In other words, acceleration is about attainment.

Acceleration differs by degree of change and direction. A negative example of the latter would be the atavism of ISIS. Acceleration is not the same at different points in history. In terms of the physics of civilization, the change that exploded at the dawn of the 20th century was gargantuan. We have to exert ourselves to imagine what it was like to live at a time when a host of innovations erupted on the scene: the invention of electric light; the emergence of new transportation in the form of trains, planes and automobiles; the mechanization of industry and war; the invention of the nation state and the capacity to conscript entire populations to exploit total war; new communication by wire and air; life extending discoveries in medicine. Yes, the acceleration we have lived through in our emerging Information Age is a marvel to behold. But please allow a possible heresy of suggesting that it was minor compared to the early 20th century. The miniaturization and ubiquity of computers together with the interconnectivity of the internet sped the flow of information to a dizzying degree, but this accelerational change pales in comparison to what happened in the events surrounding WWI. The disruptions wrought by the former is small bore and more gradated than the latter ever was.

The only way to imagine an analog to the acceleration of the dawn of the 20th century is to conjure thoughts of the impact of something truly game changing in civilizational terms. Something like a revolution in energy sources, for example. What if cold fusion wasn't a pipe dream? What if we found an energy source that could eclipse what petroleum can do? What if we could reorganize matter at the the atomic level at will, or transport organic matter over distances, travel in warp drive, such as was imagined in Star Trek? What if we could cure cancer and reverse and control aging? What if robots could build robots? What if we could finally weave carbon nanotubes into cables strong enough to fashion a space elevator? (Lowering the cost of space travel could enable unlimited solar power someday.) What if we actually made contact with sentient alien life? What if utility fog was real? Any one of these wish list items could do the trick of changing civilization into another creature altogether, just as it did in WWI.

This is not to discount the apprehension of the advent of civilizational change, we are chipping away furiously at this wish list and progress is being made. This list could pale at what might actually be just around the corner in terms of change. We don't really know how long we will linger at this brink. It could take another century or two to bring some of it to pass. We might well be waiting pathetically like Godot for the exponential curve to make n approach zero. While we now are on the brink, we are also merely at the brink. This threshold moment might last a very long time or it could collapse fell swoop in the coming decade. Or next year.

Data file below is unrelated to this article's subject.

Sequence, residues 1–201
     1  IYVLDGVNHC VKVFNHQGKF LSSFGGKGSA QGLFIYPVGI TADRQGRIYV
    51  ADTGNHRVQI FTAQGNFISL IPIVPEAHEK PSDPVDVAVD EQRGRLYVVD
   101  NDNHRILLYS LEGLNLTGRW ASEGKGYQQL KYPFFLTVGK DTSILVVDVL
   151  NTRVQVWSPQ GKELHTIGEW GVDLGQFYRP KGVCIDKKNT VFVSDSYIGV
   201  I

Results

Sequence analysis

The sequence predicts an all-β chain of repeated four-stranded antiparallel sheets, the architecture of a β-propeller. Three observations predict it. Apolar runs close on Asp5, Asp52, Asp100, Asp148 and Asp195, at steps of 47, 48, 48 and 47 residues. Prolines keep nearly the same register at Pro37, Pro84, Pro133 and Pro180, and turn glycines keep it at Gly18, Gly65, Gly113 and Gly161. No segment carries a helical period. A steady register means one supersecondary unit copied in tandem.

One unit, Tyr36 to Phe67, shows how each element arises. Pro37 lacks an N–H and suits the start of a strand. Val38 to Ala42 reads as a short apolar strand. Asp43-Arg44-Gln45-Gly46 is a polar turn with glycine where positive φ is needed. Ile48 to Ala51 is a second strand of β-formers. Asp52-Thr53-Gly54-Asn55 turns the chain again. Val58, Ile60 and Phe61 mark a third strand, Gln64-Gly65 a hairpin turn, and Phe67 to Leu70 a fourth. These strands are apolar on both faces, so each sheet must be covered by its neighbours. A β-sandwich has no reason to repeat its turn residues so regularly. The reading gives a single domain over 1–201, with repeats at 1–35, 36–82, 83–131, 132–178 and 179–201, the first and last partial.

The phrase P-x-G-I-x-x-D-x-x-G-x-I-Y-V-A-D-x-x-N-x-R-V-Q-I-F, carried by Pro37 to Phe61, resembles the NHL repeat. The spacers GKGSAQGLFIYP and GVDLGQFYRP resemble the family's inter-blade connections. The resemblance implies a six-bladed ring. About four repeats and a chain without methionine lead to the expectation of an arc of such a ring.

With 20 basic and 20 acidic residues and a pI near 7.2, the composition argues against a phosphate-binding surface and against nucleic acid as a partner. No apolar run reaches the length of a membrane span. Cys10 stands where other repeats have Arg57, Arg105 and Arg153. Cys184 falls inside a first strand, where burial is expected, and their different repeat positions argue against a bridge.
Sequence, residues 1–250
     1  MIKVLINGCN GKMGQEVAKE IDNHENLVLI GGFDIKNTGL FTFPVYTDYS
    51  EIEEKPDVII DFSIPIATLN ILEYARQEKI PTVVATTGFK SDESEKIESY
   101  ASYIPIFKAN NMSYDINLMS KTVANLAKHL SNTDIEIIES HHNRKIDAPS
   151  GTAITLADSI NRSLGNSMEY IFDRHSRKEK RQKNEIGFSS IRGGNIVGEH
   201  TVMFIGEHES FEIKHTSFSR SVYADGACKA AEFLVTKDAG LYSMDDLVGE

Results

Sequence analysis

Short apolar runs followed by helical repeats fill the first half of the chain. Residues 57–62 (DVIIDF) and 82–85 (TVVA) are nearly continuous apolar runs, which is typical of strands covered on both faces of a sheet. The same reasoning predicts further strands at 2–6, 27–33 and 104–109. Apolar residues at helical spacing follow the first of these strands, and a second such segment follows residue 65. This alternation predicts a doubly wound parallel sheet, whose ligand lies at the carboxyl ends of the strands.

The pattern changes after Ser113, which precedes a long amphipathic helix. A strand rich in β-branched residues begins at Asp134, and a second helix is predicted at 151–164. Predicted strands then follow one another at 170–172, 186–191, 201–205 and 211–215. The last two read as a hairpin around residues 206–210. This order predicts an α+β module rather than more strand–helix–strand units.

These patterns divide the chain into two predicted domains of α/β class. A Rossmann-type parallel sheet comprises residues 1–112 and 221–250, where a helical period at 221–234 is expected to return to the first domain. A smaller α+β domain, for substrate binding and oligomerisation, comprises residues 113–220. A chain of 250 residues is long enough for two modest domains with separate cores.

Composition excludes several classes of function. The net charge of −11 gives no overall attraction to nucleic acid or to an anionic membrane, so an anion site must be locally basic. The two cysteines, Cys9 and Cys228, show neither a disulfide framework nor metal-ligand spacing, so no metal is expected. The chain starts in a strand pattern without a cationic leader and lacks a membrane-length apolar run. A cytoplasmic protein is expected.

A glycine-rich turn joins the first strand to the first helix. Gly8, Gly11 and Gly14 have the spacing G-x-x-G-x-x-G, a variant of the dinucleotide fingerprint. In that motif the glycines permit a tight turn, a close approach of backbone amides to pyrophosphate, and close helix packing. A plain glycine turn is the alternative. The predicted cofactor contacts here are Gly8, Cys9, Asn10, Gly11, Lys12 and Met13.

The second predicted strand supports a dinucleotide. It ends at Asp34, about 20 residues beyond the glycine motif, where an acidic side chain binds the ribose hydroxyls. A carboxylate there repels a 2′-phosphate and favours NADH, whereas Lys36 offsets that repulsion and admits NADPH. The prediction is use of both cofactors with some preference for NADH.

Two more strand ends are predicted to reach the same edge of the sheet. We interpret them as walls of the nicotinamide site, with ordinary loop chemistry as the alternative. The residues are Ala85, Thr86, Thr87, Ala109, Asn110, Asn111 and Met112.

We. Don't. Know.

What we do know is that not all acceleration is the same. We know that we have yet to experience change at the scale that it was in the early 20th century. We also know that accelerational change is metabolized, reterritorialized --in D&G's terminology-- with difficulty to be sure and with dire collateral damage, but in civilizational terms, relatively quickly. We grow accustomed to it. Acceleration dissipates as we attain the traveling speed of civilization. It doesn't last long.

What is the impact of all this for the adherents of Accelerationism? I have looked and will look intently at the art offered as examples of it. I have yet to see anything fundamentally different in kind from the art forms arrayed since I was in grad school in the late 80's and early 90's. There are also special problems inherent in the anticipatory nature of an Accelerationist movement: one must necessarily await ones' cue. There is only coping, but not leadership, save the crap shoot of the visionary.

And all the while, there is a siren song of art emulating life and the inevitable absorption of the former by the latter as a result. Art requires the special boundary frame in order to survive contact with life. Life trumps art every time, it will remain much more interesting mano-a-mano.

What remains of all this is the cautionary tale. Beware of wishful thinking. Take out the birthday party decorations only on the day of the birthday. The toughest critique is the glancing comparison to the Futurism of ye olde days. Banish any doubts of this with a quick read of Marinetti's Manifesto. The lesson from this is to have the bridle of enthusiasm firmly in hand, and to be wary of over-inflating prejudices from an earlier soon-to-be-defunct-epoch into the next overcoming one.

***

Postscript:
There is a possibility of a soft acceleration. Instead of the zero to sixty in a couple of seconds g-force slam of acceleration, consider a quarter g-force buckle-your-seatbelt surge of a civilization moving gently past the 500mph cruising speed. No hype, just calm expectation. Maybe this should instead be called Velocityism?

What would that kind of art look like?

Posted by Dennis at May 16, 2017 4:18 AM